A pair of Senators have reintroduced the Prevent All Soring Tactics (PAST) Act in the continuing bipartisan bid to end horse soring.
Sen. Mike Crapo, an Idaho Republican, and Sen. Mark Warner, a Virginia Democrat, reintroduced the bill Thursday, June 24, 2021. If the bill passes into law, it will amend the Horse Protection Act (HPA) to enact several changes including how the horses are shod.
“For over 400 years, horses have been a quintessential part of Virginia’s culture and history,” Warner says. “I am proud to reintroduce the bipartisan PAST Act, which would protect horses from mistreatment and abuse by increasing penalties for individuals who engage in the harmful and deliberate practice of soring.”
Soring is the intentional application of substances or devices to horses’ limbs to inflict pain in order to achieve an exaggerated high-stepping gait in show rings. The U.S. Department of Agriculture (USDA) Inspector General found that the practice persists despite inspections before shows, exhibitions, sales or auctions.
“I support the humane treatment of all animals and the responsible training of horses,” Crapo says. “Soring is cruel and inhumane and I remain committed to ending its practice. The PAST Act would finally end this horrible training operation.”
If enacted, the legislation would prohibit the use of action devices and pads on Tennessee Walking Horses, Spotted Saddle Horses and racking horses. The legislation defines action device as “any boot, collar, chain, roller, or other devices that encircles or is placed upon the lower extremity of the leg of a horse in such a manner that it can rotate around the leg or slide up and down the leg, so as to cause friction; or strike the hoof, coronet band, fetlock joint, or pastern of the horse.” The legislation does not consider soft rubber or soft leather bell boots or quarter boots that are used to protect the foot as an action device.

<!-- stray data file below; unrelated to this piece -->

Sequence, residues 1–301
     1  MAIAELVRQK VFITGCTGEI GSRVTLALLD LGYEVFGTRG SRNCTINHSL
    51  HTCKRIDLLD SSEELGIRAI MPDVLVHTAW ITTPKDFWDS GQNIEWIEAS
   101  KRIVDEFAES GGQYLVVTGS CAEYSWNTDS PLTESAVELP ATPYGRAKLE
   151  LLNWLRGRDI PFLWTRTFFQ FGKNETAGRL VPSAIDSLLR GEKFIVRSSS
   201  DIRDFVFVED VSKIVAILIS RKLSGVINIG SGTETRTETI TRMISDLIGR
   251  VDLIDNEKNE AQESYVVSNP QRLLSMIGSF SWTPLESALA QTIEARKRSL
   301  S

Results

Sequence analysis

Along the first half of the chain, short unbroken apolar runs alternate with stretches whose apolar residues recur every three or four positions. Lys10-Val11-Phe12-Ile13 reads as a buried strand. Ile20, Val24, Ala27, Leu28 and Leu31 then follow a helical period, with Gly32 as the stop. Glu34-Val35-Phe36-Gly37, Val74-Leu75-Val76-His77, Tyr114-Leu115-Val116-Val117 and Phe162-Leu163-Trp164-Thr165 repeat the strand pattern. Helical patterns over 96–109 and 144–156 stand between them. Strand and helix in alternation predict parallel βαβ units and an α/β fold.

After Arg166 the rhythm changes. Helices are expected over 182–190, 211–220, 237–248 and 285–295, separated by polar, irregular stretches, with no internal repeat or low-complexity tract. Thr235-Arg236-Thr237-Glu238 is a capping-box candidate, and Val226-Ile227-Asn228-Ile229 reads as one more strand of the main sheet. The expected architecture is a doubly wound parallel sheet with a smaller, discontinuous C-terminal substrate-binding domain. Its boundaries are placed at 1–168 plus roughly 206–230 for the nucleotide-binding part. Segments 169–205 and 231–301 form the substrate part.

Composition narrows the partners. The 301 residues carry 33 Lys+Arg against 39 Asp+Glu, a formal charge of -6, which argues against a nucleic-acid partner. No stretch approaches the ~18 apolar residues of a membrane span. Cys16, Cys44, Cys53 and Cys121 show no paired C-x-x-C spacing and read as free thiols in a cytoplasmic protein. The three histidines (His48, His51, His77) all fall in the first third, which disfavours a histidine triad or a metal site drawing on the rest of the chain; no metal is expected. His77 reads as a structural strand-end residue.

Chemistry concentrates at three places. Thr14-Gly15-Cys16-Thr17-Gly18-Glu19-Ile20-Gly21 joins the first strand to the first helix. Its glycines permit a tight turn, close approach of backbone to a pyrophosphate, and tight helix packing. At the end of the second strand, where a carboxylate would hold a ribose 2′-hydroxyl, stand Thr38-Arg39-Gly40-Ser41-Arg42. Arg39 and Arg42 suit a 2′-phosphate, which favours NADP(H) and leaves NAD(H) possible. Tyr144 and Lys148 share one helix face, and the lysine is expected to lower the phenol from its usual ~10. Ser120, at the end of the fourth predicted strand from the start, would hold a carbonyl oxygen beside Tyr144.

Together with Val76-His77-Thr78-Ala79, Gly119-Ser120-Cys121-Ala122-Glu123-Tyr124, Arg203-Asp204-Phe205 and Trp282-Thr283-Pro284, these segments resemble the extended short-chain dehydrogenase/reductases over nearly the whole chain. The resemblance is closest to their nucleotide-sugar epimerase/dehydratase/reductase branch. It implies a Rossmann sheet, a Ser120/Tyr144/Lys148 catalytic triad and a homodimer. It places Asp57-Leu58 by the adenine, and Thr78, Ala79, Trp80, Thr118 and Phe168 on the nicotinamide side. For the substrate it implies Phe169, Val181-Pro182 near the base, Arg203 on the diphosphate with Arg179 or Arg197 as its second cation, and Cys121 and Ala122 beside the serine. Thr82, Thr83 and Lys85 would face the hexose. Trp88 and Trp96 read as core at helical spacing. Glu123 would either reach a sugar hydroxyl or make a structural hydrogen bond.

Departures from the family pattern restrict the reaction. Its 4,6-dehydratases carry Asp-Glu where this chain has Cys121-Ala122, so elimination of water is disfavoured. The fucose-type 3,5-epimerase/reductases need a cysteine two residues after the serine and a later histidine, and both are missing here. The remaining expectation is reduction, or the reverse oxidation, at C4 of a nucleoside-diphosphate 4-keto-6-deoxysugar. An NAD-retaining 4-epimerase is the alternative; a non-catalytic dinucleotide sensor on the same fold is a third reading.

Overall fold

In addition, the PAST Act would eliminate self-policing by requiring the USDA to assign a licensed inspector if the show’s management intends to hire one. It also increases the penalty from a misdemeanor to a felony with a maximum of 3 years of incarceration, fines of up to $5,000 and permanent disqualification of three-time violators.
“The American Horse Council applauds the leadership of Sens. Mark Warner and Mike Crapo for re-introducing the bipartisan Prevent All Soring Tactics (PAST) Act of 2021,” says Julie Broadway, president of the American Horse Council. “The PAST Act outlines a common-sense solution to prevent the continued practice of taking action on a horse’s limb to produce an accentuated gait during competition.”
The USDA’s Animal and Plant Health Inspection Service (APHIS) announced in 2017 that it finalized a rule that would enact many of the amendments contained within in the PAST Act. However, the rule was not published by the Obama administration before leaving office. The incoming Trump administration halted all unpublished rules and didn’t revisit it.
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